By Chesney Hearst, Senior Contributing Reporter

RIO DE JANEIRO, BRAZIL – On the night of Thursday, October 1st, a group of activists marched, beginning at Rio de Janeiro’s Igreja da Candelária and making their way down Avenida Presidente Vargas, to protest the upcoming reduction and elimination of some of the city’s bus lines. Nineteen municipal bus lines are scheduled to be removed, and ten additional lines will have their routes shortened or altered beginning on Saturday, October 3rd.

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Group protesting the changes in Rio de Janeiro’s bus lines, photo by Fernando Frazão/Agência Brasil.

Initially slated for July, the changes in municipal bus lines will be implemented in phases, with the first phase scheduled to begin on October 3rd. Thirty-three of the lines are scheduled to be eliminated and 21 routes shortened between October and December of this year. By the scheduled end of the project in March 2016, it is estimated that there will be a 35 percent reduction of buses that pass through Zona Sul (South Zone).

The announcement of the changes stirred controversy raising concerns about unemployment and upset from commuters who will need to make additional transfers during their daily commutes due to the route changes and line eliminations. Additionally, many of the lines eliminated or rerouted, ran from Zona Norte (North Zone) to the South Zone. Which some protesters saw as an intentional move by the city to make it harder for North Zone residents to attend the South Zone beaches.

“The government is trying to put a social cord to separate the population,” teacher and activist Mariângela Ferreira told Agência Brasil while marching in the protest and carrying a sign that read “Contra o apartheid social” (Aganist social apartheid). “The beach is in the south, but it is public and it is a right for all. They are taking our right to come and go and favoring the bus companies, which bankroll political campaigns. Who suffers most are the poor and black youth. It is a clear case of racism and social apartheid.”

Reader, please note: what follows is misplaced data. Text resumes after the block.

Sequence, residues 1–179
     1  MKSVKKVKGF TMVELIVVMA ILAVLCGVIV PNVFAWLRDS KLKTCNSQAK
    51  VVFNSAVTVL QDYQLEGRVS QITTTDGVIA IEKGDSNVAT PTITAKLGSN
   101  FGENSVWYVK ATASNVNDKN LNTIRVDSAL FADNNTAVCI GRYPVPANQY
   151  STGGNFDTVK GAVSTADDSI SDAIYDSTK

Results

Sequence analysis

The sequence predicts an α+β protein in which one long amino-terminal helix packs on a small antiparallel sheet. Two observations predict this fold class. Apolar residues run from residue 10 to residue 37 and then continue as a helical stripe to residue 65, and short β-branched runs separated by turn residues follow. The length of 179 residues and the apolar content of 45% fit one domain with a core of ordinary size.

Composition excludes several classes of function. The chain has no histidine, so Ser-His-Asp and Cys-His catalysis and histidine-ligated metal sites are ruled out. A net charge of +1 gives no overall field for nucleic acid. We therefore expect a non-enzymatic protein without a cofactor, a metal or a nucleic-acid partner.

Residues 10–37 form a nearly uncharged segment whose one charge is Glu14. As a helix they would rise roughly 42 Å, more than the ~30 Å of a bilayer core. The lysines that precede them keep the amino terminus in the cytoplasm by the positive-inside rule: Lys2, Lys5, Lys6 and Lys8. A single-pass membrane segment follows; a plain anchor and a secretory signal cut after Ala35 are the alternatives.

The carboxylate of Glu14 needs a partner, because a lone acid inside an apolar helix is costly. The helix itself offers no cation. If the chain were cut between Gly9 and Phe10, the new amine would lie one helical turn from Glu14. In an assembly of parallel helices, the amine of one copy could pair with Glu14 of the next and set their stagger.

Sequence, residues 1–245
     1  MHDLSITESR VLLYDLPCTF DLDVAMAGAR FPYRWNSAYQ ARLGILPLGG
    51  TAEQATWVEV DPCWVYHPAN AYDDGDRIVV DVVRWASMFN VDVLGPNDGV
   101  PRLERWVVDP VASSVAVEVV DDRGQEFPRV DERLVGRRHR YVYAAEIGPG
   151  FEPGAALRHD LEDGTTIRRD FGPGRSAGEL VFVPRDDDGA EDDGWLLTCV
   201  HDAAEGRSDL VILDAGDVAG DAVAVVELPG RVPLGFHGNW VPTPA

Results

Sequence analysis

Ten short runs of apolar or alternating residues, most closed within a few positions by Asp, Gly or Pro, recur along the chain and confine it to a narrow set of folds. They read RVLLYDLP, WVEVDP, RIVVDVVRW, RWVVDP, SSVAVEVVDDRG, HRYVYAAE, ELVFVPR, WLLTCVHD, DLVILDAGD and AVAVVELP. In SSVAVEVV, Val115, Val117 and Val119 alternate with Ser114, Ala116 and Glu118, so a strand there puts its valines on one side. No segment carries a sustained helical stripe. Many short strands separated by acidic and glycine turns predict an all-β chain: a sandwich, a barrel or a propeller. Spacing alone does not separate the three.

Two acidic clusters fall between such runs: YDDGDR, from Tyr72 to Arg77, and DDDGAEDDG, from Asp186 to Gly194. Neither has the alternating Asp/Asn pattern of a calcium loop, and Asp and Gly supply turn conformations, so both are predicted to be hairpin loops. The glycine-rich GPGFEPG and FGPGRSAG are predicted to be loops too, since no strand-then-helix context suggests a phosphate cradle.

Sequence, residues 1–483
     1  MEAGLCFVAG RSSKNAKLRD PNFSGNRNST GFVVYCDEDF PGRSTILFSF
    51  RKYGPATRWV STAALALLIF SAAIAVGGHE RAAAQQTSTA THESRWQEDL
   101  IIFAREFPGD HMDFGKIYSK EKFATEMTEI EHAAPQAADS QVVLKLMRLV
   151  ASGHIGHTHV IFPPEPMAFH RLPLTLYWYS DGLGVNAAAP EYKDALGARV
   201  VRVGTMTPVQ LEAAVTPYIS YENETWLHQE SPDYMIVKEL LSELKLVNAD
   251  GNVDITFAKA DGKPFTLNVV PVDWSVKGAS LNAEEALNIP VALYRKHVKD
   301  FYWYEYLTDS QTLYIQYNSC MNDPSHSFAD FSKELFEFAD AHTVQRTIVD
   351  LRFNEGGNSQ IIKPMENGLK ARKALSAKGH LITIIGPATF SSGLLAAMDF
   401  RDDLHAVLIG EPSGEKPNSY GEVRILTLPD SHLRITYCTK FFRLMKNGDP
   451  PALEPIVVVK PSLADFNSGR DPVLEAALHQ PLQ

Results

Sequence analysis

The city has stated that the project’s aim is to streamline the city’s transportation system and to reduce overlaps. “All of this is done in an effort to create a more efficient system that serves the population best, with buses arriving more often, with less waiting time at points and with the best use of our drivers, so that these buses can travel with greater speed, allowing citizens to move from origin to destination in a shorter time and with greater comfort,” Rafael Picciani, the Municipal Secretary for Transport stated on September 28th.

The second phase of the project is scheduled to begin on October 24th and the third phase is scheduled to begin on December 5th. For more information about the line changes, see the official Rio Ônibus website.


  1. In this context it is worth mentioning that there is an increasing number of privately owned “executive” buslines that ciculate on many of the routes of those regular busses that are being extinct, and they charge about 4x the regular busfare. They are called “Frescão”, because they have the air-conditioning that the mayor promissed to be installed in all public busses by the world cup to justify the 30% raise on busfares last year, but obviously that never happened. It seems we have a two-class pubic transport system now. If you can´t afford the executive bus you just have to pay with even more time, and sweat.


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